And when at last the persecution [against the Christians in Alexandria] ceased, and the blessed Bishop Peter1 had borne his testimony, Antony departed, and again withdrew to his cell, and was there daily a martyr to his conscience, and contending in the conflicts of faith. And his discipline was much severer, for he was ever fasting, and he had a garment of hair on the inside, while the outside was skin. (47)
When therefore [Antony] had retired and determined to fix a time, after which neither to go forth himself nor admit anybody, Martinian, a military officer, came and disturbed Antony. For he had a daughter afflicted with an evil spirit. But when he continued for a long while knocking at the door, and asking him to come out and pray to God for his child, Antony, not bearing to open, looked out from above and said, ‘Man, why do you call on me? I also am a man even as you. But if you believe on Christ whom I serve, go, and according as you believe, pray to God, and it shall come to pass.’ Straightway, therefore, he departed, believing and calling upon Christ, and he received his daughter cleansed from the devil. Many other things also through Antony the Lord did, who says, ‘Seek and it shall be given unto you.’ For many of the sufferers, when he would not open his door, slept outside his cell, and by their faith and sincere prayers were healed.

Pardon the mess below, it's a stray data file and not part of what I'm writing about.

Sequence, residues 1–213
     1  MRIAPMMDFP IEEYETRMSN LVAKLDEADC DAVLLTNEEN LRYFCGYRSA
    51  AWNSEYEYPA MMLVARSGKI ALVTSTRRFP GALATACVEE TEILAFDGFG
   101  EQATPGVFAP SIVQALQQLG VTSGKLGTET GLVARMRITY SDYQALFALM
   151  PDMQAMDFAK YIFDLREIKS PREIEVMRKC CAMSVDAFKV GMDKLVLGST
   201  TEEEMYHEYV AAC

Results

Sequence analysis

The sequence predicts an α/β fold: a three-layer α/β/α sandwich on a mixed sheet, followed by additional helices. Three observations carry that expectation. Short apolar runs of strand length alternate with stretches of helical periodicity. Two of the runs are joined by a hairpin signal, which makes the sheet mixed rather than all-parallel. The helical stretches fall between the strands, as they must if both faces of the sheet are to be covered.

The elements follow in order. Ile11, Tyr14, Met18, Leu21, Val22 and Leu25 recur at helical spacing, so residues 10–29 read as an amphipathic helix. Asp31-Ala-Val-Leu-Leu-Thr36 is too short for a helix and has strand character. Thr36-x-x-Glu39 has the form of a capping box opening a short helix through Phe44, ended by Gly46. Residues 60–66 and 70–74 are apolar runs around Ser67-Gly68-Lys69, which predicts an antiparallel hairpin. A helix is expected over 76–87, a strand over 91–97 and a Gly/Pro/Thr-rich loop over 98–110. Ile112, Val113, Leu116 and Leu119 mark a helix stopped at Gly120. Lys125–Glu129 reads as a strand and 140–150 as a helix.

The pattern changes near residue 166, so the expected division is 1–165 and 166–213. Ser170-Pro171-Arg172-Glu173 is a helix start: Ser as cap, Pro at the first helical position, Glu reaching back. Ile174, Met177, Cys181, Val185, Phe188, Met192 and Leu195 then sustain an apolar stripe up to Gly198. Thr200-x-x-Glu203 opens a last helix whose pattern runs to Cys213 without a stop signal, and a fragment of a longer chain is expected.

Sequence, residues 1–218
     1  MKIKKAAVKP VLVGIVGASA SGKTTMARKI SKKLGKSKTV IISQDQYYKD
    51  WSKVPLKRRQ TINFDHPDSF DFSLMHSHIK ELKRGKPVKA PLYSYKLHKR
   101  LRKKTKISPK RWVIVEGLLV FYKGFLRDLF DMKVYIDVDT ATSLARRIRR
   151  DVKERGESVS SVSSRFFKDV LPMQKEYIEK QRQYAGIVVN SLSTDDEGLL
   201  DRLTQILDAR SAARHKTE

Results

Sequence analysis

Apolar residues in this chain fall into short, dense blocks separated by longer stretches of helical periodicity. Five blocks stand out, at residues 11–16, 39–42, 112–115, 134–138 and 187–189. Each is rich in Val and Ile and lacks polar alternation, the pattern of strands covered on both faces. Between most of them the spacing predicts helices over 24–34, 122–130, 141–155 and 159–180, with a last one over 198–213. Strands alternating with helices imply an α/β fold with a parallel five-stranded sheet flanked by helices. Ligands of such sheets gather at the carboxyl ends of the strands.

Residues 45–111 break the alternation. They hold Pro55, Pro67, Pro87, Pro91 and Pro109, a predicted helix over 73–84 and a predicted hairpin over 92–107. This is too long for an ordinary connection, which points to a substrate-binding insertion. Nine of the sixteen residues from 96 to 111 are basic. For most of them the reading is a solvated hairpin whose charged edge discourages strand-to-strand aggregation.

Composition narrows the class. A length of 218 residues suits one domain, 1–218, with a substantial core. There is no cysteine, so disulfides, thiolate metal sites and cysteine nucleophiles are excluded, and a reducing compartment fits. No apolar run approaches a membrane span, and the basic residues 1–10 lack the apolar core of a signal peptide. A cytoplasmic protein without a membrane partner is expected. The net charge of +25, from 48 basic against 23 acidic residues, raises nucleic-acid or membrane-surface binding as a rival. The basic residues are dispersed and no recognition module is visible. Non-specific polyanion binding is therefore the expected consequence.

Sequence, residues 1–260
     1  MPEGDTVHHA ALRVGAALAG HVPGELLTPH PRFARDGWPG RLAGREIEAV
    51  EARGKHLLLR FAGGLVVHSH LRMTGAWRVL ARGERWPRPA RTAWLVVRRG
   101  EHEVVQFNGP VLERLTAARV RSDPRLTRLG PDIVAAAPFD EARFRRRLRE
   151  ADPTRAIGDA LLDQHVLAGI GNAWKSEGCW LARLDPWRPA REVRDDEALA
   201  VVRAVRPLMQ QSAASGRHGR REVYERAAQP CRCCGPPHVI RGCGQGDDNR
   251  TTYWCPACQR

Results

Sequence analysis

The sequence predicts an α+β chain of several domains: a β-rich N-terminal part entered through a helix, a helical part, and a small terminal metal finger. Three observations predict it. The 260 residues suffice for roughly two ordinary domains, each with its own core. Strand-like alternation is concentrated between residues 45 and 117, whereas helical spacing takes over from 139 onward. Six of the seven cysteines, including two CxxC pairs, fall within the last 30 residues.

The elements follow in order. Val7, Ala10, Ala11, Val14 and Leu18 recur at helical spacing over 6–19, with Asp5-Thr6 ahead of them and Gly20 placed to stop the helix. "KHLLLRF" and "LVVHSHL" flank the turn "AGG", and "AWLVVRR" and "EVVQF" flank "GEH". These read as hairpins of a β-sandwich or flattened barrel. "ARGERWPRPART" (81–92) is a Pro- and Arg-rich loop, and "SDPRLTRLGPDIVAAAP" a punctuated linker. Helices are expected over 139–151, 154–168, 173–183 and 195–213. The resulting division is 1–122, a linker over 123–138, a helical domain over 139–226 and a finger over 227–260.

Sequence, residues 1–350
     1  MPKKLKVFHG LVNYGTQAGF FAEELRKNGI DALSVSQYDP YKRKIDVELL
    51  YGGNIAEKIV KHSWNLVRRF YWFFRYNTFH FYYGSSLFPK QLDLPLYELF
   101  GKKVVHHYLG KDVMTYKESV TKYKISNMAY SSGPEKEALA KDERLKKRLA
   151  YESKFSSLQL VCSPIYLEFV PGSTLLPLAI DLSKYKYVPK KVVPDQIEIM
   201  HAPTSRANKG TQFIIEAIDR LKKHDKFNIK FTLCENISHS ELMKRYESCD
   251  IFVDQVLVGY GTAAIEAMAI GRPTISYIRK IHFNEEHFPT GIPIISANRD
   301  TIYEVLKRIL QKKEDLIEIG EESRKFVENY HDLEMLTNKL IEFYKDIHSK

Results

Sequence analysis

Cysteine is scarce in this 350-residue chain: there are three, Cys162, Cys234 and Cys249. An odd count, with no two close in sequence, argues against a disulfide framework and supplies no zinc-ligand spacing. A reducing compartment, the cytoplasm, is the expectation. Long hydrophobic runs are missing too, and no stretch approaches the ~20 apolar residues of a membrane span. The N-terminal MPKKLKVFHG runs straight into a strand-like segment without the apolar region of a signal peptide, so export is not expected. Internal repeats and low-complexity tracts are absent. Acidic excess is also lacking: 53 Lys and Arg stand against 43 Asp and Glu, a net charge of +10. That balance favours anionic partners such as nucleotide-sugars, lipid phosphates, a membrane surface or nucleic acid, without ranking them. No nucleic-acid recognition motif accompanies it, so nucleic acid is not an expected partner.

And once being asked by the monks to come down and visit them and their abodes after a time, he journeyed with those who came to him. And a camel carried the loaves and the water for them. For all that desert is dry, and there is no water at all that is fit to drink, save in that mountain from whence they drew the water, and in which Antony’s cell was. (54)
Antony [was] renowned, but solely from his piety towards God. That this was the gift of God no one will deny. For from whence into Spain and into Gaul, how into Rome and Africa, was the man heard of who abode hidden in a mountain, unless it was God who makes His own known everywhere, who also promised this to Antony at the beginning? For even if they work secretly, even if they wish to remain in obscurity, yet the Lord shows them as lamps to lighten all, that those who hear may thus know that the precepts of God are able to make men prosper and thus be zealous in the path of virtue. (93)
The Cave in Life of Onuphrius
The author of Life of Onuphrius, Abba Paphnutius, recounts his first encounter with Onuphrius which functions as an introduction to the hero for the reader.